CDC updates Zika guidance to include urine testing


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Based on preliminary findings that Zika virus is found at higher levels and for a longer time in urine than in blood, the US Centers for Disease Control and Prevention (CDC) today updated its testing guidance to include urine testing, offering clinicians a longer period for testing during the acute illness phase.

The CDC published its interim guidance for Zika testing in urine in an early online edition of Morbidity and Mortality Weekly Report (MMWR), alongside a study that compared test results of urine, blood, and saliva specimens, finding that urine might be the preferred specimen for testing.

Zika reverse-transcriptase polymerase chain reaction (RT-PCR) tests should still be performed on blood samples collected less than 7 days after illness onset, the CDC said.

Guidance details

Based on new data, the CDC recommends that RT-PCR tests be performed on urine collected within 14 days of illness onset in patients with suspected infections. It added that urine testing should be performed alongside blood testing if samples are collected within 7 days of the start of symptoms.

For now, the CDC's Trioplex RT-PCR assay is the only tests authorized by the Food and Drug Administration to test for urine. It noted that other lab tests will need in-house validation to characterize how well they perform on urine and that more studies are needed to determine how sensitive and useful Zika testing on urine is on specimens collected more than 14 days after symptoms begin.

A positive result on either urine or blood shows evidence of Zika infection, but a negative test doesn't rule out Zika infection, because viremia declines over time and patients might not accurately report their illness-onset dates, the CDC said. In those instances, immunoglobulin M (IgM) antibody testing should be performed.

Testing blood, saliva, urine

To gauge the performance of RT-PCR testing for Zika in different body fluids, public health officials from the Florida Department of Health evaluated the results of testing on different specimens from state residents with confirmed travel-related Zika infections, according to the other MMWR study.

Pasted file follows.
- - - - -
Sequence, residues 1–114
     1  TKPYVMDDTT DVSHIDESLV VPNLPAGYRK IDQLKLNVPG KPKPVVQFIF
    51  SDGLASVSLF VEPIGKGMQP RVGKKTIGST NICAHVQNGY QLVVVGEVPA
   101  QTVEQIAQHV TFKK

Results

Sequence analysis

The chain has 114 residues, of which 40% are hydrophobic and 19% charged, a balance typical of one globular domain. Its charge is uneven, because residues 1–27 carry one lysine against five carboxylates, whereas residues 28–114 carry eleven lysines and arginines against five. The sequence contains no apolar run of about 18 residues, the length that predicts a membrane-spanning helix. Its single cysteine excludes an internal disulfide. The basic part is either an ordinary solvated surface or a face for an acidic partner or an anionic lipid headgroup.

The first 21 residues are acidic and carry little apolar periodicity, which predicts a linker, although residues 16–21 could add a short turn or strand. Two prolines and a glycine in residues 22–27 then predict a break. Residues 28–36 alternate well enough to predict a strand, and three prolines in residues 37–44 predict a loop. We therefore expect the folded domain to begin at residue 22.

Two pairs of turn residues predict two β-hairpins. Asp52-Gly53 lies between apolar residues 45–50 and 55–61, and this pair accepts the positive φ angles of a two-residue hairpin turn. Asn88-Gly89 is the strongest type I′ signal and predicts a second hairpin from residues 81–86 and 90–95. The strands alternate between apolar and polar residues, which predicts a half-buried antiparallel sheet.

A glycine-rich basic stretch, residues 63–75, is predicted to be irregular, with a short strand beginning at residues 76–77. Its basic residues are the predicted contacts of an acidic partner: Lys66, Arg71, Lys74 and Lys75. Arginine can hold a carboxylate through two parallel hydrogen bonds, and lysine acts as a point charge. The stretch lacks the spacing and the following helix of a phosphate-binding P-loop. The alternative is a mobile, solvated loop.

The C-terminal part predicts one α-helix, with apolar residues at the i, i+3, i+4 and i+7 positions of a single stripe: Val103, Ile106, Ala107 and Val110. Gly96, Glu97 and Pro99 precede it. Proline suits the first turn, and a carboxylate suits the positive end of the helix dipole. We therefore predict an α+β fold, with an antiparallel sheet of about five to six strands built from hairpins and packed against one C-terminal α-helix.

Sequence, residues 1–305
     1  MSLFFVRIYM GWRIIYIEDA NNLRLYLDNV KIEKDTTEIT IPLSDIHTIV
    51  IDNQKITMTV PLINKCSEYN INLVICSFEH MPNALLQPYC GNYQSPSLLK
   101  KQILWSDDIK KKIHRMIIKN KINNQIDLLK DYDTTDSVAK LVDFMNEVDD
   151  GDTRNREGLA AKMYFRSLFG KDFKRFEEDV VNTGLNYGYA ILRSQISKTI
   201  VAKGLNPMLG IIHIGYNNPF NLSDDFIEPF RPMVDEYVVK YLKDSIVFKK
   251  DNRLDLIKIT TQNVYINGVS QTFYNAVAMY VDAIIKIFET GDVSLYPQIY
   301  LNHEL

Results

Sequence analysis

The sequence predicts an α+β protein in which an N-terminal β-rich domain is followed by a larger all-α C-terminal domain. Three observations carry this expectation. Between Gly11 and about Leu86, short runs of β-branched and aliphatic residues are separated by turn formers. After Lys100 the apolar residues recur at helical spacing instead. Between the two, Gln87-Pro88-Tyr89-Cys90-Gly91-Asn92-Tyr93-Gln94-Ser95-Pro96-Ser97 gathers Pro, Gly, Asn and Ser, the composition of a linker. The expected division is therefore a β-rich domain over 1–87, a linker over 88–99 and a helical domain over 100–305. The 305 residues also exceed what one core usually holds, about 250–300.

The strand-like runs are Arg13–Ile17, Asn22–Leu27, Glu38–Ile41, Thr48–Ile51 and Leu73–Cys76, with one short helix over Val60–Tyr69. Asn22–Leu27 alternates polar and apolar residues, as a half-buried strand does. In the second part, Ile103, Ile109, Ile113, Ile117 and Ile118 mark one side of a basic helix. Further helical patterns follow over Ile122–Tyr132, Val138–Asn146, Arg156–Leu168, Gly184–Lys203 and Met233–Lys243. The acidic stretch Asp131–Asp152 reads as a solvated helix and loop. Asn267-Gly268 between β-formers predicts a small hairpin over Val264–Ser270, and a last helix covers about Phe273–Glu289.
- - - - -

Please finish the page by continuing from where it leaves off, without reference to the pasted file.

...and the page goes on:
As of Apr 20, Florida tested 913 people who met the testing criteria, collecting multiple specimen types. Urine specimens were collected from 70 patients, of which 65 (93%) were positive for Zika virus. Of urine specimens collected within 5 days of symptom onset, 52 of 55 (95%) were positive on RT-PCR, compared with 31 of 55 (56%) of blood samples that tested positive over the same time span.

At more than 5 days after symptom onset, 82% of urine samples were positive, compared with no positive results in the blood samples over the same period.

The ease of urine specimen collection offers advantages, the team wrote. And though results in saliva approached the detection rate seen in urine, no cases were exclusively positive with that method, suggesting that urine might be the preferred specimen for diagnosing acute Zika virus infection.

Mosquitoes and microcephaly

  • A simple, low-cost mosquito trap developed by the CDC reduced chikungunya incidence in an area of southern Puerto Rico where it was tested, according to preliminary findings detailed in a separate MMWR report today. Called an autocidal gravid ovitrap (AGO), the device is designed to attract and capture female Aedes aegypti mosquitoes, which can transmit both Zika and chikungunya. Researchers tested AGOs in four communities from November 2015 to February 2016. The team saw a tenfold lower mosquito densities in areas with AGOs. The CDC said efforts are under way with the private sector to increase the availability of AGO traps for surveillance and other studies.

  • Honduras yesterday reported its first suspected microcephaly case, involving an unborn child of a woman who is 5 months pregnant, Reuters reported, citing the country's deputy health minister. The report said Honduras has Central America's highest number of Zika cases, at 19,000 infections, 238 of them in pregnant women. The country has also reported 78 cases of Guillain-Barre syndrome, a neurologic complication of Zika and other viral infections.

See also:

May 10 MMWR  interim guidance for Zika testing of urine

May 10 MMWR report on test results for Zika virus RNA in urine, serum, and saliva

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